(GALVESTON, TX) — If you’re planning to spend Fourth of July weekend on the beach in Galveston, you’ll be sharing the beach with seaweed. Lots of it.
Mountains of seaweed, or sargassum, can be seen all along the seawall as crews constantly rake it away from the water’s edge to give tourists a place to play in the sand and surf.
But the seaweed that is washing up on the shore is not only annoying to beachgoers; it is also putting some endangered turtles at risk.
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Lyndsey Howell, a research fishery biologist with NOAA in Galveston, said young turtles feed on that seaweed and live in it on the surface of the water.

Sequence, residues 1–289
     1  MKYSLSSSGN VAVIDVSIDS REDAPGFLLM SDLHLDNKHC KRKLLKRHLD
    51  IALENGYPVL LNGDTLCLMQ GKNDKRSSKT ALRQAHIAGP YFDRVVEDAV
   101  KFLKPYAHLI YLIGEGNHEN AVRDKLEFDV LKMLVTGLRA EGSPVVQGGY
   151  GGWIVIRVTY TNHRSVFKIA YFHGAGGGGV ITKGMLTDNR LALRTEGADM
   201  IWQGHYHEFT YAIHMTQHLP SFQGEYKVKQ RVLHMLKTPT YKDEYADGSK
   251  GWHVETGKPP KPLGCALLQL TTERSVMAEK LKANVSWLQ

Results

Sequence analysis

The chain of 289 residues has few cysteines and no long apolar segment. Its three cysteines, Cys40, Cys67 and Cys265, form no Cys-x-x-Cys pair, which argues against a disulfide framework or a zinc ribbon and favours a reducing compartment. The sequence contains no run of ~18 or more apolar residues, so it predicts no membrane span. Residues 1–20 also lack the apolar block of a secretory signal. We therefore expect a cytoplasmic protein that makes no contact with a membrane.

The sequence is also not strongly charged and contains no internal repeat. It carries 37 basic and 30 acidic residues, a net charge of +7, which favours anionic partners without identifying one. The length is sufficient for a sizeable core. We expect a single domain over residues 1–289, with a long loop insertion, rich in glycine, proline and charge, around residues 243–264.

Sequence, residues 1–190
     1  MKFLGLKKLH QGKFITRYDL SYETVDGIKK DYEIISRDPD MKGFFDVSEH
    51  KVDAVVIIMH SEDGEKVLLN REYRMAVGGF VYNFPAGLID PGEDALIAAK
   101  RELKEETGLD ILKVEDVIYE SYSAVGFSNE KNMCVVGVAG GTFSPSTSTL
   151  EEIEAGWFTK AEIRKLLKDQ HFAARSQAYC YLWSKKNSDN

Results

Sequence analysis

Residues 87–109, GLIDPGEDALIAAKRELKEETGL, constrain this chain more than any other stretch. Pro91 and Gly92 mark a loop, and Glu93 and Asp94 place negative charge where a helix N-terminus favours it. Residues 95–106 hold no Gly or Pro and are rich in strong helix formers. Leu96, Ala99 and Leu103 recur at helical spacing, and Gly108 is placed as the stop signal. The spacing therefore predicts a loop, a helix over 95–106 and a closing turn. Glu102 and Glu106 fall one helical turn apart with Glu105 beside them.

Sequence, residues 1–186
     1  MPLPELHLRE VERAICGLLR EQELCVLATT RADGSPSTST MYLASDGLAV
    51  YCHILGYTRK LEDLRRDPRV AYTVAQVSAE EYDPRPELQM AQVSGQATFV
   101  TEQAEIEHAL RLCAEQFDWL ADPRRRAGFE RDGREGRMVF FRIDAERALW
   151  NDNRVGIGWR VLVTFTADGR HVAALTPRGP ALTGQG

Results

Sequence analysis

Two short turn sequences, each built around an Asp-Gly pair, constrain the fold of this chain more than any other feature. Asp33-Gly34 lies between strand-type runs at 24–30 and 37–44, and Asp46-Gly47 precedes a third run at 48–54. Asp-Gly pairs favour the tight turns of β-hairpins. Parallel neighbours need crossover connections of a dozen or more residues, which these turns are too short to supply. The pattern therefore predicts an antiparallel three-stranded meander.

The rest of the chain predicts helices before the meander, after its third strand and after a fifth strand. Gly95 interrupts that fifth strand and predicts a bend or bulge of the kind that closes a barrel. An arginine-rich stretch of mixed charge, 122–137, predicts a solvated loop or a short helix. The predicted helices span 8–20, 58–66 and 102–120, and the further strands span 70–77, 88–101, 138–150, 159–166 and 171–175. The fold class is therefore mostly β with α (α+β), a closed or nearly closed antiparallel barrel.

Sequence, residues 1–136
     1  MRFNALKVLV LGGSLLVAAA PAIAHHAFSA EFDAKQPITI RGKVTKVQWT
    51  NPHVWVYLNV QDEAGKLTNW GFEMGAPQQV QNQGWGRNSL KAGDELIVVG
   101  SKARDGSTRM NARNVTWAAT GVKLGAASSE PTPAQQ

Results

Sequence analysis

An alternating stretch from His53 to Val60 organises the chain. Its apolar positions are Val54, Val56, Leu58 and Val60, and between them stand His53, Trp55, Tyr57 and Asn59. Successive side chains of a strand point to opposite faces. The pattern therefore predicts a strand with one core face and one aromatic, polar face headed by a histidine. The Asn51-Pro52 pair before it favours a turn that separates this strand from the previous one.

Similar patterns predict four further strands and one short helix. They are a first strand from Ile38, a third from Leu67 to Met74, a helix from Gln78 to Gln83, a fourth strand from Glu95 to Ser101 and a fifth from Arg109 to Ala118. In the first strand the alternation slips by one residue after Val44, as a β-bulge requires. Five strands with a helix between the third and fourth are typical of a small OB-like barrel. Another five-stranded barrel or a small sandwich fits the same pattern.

If you find a turtle on the beach, call the NOAA turtle hotline immediately at 1-866-TURTLE5 (1-866-887-8535). So far, 60 turtles have been found stranded in the seaweed since May.
Leah Cast, spokesperson for the Galveston parks board, said they are working hard to keep the beaches clean. That includes East Beach, Stewart Beach, the pocket parks and some of the beaches along the seawall.
She went on to say East Beach and Stewart Beach get the most attention and maintenance.